Despite his complaints, it is Verstappen's first front row start at Albert Park as he seeks just a second podium finish in six appearances Down Under.

Verstappen's team-mate Sergio Perez finished third in qualifying, though that will be reviewed as he is under investigation.

That is due to the Mexican failing to slow for double waved flags after Lance Stroll inadvertently turned into Nicholas Latifi, with both drivers blaming each other for the crash.

Perez, who could only finish four in Jeddah last time out after claiming pole – the first Mexican to ever do so – was more upbeat than Verstappen.

"It felt good. Q1, Q2 things were going good. With all the red flags, it's always very hard to keep the momentum going," he said.

"I regret a bit the decision to go into Q3 with our strategy on the tyres, but I think P3 is a decent start for tomorrow."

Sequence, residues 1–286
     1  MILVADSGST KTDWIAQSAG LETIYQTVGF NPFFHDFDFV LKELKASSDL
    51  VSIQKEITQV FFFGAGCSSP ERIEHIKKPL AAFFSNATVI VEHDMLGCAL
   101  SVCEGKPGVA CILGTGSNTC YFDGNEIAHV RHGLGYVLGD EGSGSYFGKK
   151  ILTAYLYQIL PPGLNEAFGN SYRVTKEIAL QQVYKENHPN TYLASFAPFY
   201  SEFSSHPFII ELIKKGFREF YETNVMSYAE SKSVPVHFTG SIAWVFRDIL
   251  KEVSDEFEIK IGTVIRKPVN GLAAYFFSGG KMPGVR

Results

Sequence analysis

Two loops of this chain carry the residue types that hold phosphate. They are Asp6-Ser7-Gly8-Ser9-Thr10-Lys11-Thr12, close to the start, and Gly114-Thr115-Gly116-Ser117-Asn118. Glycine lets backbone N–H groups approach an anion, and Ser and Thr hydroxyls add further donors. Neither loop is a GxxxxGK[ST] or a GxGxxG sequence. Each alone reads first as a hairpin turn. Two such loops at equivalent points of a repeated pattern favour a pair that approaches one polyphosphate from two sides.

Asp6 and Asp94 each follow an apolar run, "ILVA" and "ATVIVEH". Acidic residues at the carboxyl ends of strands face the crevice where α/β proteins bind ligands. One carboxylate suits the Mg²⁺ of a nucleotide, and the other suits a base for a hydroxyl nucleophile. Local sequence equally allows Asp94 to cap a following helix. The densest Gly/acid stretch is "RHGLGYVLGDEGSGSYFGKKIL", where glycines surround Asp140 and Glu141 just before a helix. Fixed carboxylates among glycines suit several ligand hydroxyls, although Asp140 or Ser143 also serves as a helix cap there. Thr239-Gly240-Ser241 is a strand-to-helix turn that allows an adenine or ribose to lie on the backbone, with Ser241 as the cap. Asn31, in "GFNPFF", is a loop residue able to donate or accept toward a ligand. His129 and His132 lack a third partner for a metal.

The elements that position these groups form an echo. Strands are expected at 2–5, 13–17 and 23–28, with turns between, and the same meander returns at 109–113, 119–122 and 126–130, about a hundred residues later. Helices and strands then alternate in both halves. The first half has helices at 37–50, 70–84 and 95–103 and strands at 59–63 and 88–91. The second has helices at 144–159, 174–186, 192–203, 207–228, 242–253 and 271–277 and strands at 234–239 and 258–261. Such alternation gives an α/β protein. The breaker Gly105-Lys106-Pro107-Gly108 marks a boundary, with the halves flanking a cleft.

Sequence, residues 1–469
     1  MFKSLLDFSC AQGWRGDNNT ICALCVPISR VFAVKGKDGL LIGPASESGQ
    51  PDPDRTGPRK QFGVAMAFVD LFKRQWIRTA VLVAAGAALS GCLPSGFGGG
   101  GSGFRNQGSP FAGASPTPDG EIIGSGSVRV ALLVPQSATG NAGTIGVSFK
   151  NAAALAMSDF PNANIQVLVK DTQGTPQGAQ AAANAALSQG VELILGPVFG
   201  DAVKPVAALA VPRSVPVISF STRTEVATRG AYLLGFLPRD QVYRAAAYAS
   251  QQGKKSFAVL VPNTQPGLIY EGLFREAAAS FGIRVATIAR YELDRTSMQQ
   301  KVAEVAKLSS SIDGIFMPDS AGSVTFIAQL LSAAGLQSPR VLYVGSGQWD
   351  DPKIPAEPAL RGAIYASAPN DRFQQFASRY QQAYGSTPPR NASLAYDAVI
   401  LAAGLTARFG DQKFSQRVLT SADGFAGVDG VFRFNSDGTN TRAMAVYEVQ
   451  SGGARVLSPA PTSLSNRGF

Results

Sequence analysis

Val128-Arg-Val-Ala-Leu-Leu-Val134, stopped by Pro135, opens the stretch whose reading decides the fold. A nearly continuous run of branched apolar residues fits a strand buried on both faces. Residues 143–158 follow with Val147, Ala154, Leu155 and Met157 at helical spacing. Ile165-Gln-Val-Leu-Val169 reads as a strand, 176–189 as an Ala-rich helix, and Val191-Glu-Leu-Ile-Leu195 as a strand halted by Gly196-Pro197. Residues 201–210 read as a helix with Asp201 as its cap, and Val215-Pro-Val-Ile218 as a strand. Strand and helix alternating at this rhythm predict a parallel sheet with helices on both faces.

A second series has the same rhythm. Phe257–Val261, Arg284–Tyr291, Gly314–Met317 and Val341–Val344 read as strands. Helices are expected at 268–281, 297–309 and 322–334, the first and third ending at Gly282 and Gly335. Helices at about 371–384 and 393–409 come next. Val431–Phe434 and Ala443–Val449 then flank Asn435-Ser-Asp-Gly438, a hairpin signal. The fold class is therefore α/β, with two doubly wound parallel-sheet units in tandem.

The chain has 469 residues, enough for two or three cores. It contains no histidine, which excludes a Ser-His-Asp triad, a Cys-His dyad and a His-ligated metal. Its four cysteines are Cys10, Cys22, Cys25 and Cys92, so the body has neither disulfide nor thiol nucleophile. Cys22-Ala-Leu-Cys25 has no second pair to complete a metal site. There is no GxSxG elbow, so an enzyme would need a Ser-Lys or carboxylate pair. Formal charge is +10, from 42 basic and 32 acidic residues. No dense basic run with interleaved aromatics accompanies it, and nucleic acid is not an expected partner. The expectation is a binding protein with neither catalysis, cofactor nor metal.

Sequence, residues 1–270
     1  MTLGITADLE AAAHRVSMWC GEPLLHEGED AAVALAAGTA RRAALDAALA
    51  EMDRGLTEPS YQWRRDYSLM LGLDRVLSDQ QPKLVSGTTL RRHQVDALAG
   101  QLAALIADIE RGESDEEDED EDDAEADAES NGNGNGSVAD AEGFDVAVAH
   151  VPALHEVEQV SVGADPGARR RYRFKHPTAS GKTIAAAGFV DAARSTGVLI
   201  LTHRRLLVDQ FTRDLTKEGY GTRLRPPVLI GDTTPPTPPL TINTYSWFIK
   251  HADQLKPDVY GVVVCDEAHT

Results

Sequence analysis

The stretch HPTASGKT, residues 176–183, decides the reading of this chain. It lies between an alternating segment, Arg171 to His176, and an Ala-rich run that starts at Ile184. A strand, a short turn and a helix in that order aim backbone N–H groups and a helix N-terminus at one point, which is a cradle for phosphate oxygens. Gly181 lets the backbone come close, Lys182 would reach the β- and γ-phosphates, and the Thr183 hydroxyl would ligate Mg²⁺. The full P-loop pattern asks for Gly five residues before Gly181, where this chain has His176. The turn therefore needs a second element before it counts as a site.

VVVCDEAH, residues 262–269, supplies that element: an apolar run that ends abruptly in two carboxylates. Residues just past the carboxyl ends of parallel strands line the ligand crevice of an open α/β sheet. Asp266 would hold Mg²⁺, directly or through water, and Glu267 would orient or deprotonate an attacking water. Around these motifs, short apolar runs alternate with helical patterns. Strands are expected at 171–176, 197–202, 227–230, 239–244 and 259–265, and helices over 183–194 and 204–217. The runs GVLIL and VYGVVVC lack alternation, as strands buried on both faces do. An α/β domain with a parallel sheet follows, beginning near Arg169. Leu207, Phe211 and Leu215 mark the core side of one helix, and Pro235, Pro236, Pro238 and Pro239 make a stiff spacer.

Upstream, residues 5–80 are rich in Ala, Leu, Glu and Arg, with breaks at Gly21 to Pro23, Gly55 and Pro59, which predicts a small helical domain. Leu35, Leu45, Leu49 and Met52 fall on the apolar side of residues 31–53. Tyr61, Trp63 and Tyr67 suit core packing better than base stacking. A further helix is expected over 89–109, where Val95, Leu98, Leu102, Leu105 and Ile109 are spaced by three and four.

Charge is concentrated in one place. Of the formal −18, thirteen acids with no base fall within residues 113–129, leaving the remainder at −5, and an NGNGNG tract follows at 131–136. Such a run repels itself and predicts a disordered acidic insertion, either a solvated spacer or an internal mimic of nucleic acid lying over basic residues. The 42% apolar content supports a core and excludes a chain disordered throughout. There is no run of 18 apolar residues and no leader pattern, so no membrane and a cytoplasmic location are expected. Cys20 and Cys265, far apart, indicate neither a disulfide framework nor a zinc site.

Elsewhere in Saturday's qualifying session, Mercedes' Lewis Hamilton, who has taken a record eight poles in Australia, finished fifth, narrowly behind McLaren's Lando Norris.

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    Lewis Hamilton was pleased with the "small step forwards" taken by Mercedes after setting the second-fastest time in practice ahead of the British Grand Prix.

    The Briton was 0.163 seconds slower than pace-setter Carlos Sainz in FP2, while compatriot Lando Norris was third and championship leader Max Verstappen in fourth.

    Hamilton has yet to win a race this season, but he offered plenty of promise heading into a big weekend on home soil at a packed Silverstone with his performance in practice.

    However, the seven-time world champion offered a word of caution over the ongoing porpoising issue that has dominated recent races.

    "It's bouncing still, quite a bit," he said. "Not necessarily on the straights but through the corners it's pretty harsh – not physically harsh but in the car on the tyres and everything.

    "So we still have work to do but it feels like a small step forwards.

    "Our long run pace isn't as good as the other guys but it's not miles off. We've definitely made an improvement. I'm sure overnight we can work and improve the car a bit more."

    Hamilton may have endured a difficult campaign to date, lagging as he does 98 points behind leader Verstappen, but he boasts an impressive record on his home turf.